After spending the night building up our defences on our new homes the quality was put to the test the following morning- some houses were successfully breached but others remained secure.
The next few days were spent under the ‘hard cover’ of the buildings; conducting patrols and vehicle checkpoints around the village to secure the area and force the enemy out. After many a patrol, several attacks on the village and lots of conversations with civilians it was time to take the fight to the enemy. We conducted a well planned Troop attack to a known enemy location that night.
It was soon time to leave the village so we could hand it back to the civilians living there. Now it was back into harbour routines and yomping. The yomp from the village to the harbour location was one of the hardest yet, purely because of the terrain being so unforgiving and marshy- A complete nightmare with a full Bergen on!
The penultimate day to the exercise was spent yomping across Sennybridgein  as Sections. Again, this was challenging due to the weight of our Bergen’s,and the distance travelled over the undulating ground. After many painful hours the serial finished with a Section attack to check whether we were still capable of soldiering at the end.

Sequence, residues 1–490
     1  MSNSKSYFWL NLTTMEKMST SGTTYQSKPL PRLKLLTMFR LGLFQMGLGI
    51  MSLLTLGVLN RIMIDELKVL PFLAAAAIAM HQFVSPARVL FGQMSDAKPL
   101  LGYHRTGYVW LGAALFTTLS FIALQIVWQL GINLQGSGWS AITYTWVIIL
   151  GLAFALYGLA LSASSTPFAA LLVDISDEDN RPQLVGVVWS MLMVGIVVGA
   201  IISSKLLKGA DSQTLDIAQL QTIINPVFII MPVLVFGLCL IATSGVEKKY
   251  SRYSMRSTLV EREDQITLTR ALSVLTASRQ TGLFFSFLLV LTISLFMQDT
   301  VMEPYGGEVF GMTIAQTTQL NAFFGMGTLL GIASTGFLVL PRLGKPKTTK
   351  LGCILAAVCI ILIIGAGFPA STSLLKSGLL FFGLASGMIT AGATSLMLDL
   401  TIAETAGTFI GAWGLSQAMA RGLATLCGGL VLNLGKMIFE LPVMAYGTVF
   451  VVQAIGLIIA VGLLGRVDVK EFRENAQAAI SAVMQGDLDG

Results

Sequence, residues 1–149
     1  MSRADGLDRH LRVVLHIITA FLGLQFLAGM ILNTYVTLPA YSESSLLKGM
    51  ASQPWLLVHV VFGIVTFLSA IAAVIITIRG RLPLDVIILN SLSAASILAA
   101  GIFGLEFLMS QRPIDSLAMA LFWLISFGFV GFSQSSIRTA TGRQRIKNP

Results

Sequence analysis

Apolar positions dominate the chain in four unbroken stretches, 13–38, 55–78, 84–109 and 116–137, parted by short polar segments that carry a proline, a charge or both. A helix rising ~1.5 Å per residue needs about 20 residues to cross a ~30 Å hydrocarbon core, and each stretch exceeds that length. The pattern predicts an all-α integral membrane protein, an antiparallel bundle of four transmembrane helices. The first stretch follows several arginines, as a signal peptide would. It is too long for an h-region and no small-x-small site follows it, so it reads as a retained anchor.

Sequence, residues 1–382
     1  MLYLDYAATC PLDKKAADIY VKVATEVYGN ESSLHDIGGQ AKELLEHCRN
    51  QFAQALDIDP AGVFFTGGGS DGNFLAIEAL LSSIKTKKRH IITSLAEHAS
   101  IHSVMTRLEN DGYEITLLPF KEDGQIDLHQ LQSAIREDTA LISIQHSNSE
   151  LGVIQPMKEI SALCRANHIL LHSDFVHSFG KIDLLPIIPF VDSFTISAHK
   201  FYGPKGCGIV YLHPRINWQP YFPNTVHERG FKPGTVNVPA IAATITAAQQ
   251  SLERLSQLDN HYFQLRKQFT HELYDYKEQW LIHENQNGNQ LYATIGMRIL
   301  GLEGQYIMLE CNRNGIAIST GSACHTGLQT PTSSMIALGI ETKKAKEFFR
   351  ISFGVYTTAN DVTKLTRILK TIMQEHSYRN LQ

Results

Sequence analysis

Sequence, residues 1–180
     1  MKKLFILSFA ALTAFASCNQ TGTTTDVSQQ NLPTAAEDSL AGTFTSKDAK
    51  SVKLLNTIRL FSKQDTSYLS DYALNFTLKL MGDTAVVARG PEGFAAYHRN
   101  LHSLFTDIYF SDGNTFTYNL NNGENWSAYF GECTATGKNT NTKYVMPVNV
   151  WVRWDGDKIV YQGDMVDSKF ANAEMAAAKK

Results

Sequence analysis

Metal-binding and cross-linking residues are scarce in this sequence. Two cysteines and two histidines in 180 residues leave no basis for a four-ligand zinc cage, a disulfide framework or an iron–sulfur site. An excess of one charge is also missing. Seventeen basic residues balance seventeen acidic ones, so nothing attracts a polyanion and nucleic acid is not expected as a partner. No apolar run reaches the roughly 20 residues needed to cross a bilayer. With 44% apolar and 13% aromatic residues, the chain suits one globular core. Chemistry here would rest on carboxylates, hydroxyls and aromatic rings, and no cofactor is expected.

The end was in sight, but not before one last attack on a new enemy location. A Section performed a night ‘recce’ prior to the Troop departing for the attack in the middle of the night.
The Troop again set off with all their kit to move closer to the new target area. After sliding down muddy hills, wading through marsh, falling over undulating ground, swimming through streams and crawling through tunnels we made it to the location. The Troop carried out their final assault on the enemy with Sections rotating between being the ‘assault’, ‘fire support’ and ‘reserve’ roles. This came to an end, obviously with another 194 win!
The completion of Exercise VIOLENT ENTRY was a massive milestone in training. Unfortunately not all the troop were successful in passing the exercise, but for the lads who did it offered a good sense of achievement with the finish line getting ever so slightly closer. Definitely time for Easter leave!